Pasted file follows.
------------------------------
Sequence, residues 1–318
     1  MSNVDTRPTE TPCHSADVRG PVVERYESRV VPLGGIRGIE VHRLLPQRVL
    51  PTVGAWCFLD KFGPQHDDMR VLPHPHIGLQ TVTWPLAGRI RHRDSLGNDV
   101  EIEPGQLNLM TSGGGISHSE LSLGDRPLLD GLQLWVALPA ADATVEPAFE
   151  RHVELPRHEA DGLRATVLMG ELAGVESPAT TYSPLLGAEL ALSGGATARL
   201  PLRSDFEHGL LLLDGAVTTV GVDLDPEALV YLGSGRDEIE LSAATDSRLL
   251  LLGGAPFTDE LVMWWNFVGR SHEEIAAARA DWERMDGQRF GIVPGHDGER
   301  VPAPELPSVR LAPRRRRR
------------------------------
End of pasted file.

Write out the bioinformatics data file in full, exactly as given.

Sequence, residues 1–318
     1  MSNVDTRPTE TPCHSADVRG PVVERYESRV VPLGGIRGIE VHRLLPQRVL
    51  PTVGAWCFLD KFGPQHDDMR VLPHPHIGLQ TVTWPLAGRI RHRDSLGNDV
   101  EIEPGQLNLM TSGGGISHSE LSLGDRPLLD GLQLWVALPA ADATVEPAFE
   151  RHVELPRHEA DGLRATVLMG ELAGVESPAT TYSPLLGAEL ALSGGATARL
   201  PLRSDFEHGL LLLDGAVTTV GVDLDPEALV YLGSGRDEIE LSAATDSRLL
   251  LLGGAPFTDE LVMWWNFVGR SHEEIAAARA DWERMDGQRF GIVPGHDGER
   301  VPAPELPSVR LAPRRRRR